To the cops who said nay to the organisers, gay people don’t just ‘fun-run’ like the rest of us. A running event for gays would look exactly like a flamingo blitzkrieg in their mind. Children could get traumatised. Just like if they chanced upon picture books about penguin fathers hatching an egg. Or maybe they were just trying to avoid an all out epic battle should some other groups decide to have Family Runs or White Marches at the same time, soaking the Marina Promenade in a sea of RED.

In that case, the Police should also look into the upcoming COLOR run, because it involves people getting plastered with rainbow powder. And we all know what rainbows signify. That event also brands itself as the HAPPIEST 5K on the Planet, and what’s another three letter word for Happy? I’ll give you a clue, it starts with G and rhymes with Hooray! Public order? How about Public CLEANLINESS?

Consider another popular run that involves you getting hunted down by zombies. Isn’t the Police worried about ‘Race the Dead’ or ‘Run for your Lives’ at all? I personally know a participant who paid money to get carried out on a stretcher for a leg injury after a mock zombie swarm went wrong. The chances of you getting injured in a chaotic zombie scuffle is higher than being dealt a vicious clothesline from a gay couple running hand in hand, or getting smothered by a stray feather boa.

There used to be more to the colour Pink than just a convenient, overused LGBT theme. ‘Pink eye’ meant conjunctivitis and not a lusty gay gaze. A ‘pink slip’ was a termination notice and not an accidental divulging of your homosexuality. If you’re in the ‘pink’ of health, you were in tip top shape, not ‘feeling gay all over’. With the resurgence of Pink Dot and a likely petition in support of Pink Run, we may see more pink themed events following suit, like Diner en Pink , Pink Fest, Pink Nite or God forbid Pink DAY. Parents may start to monitor cartoons like ‘Pinkie and the Brain’, the ‘Pink Panther’ or coming-of-age classics like ‘Pretty in Pink’ for hints of LGBT agenda. We’d get confused between Pink Dots and Pink Ribbon Breast Cancer walks. You’d think Pink Floyd is the name of a hot gay porn star instead of a seventies avant-garde rock band. You can’t use ‘I’m tickled pink!’ without someone giving you an awkward sideways glance.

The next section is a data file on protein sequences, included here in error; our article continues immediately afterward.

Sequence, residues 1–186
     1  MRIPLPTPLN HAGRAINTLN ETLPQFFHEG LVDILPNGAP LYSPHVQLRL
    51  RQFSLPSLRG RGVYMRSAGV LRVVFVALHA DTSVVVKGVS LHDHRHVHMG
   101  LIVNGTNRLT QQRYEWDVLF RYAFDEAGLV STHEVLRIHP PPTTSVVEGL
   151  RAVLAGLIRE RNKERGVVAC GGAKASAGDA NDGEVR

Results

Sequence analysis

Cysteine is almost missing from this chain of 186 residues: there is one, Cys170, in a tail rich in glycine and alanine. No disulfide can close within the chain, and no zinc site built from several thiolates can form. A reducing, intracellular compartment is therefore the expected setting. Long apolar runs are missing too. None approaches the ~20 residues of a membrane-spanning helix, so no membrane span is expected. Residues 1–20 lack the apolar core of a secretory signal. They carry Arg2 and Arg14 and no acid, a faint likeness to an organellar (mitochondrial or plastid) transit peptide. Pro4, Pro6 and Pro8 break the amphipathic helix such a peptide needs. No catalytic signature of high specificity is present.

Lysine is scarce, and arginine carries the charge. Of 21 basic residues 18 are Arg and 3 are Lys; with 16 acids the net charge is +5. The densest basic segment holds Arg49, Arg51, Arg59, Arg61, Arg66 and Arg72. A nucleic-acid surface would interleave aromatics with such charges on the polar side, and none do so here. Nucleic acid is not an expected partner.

Maybe it’s not so much ‘Indignation’ that’s needed here, but Imagination as well.

Zouk an institution that needs saving

From ‘Zouk may shut by year end’ 18 June 2014, article by Joyce Lim, ST

The founder of Zouk, Mr Lincoln Cheng, says he is tired of getting short lease extensions for the popular dance club’s Jiak Kim Street site. If he does not get a three-year extension he is now requesting, he will close the 23-year-old iconic nightspot for good by the end of this year.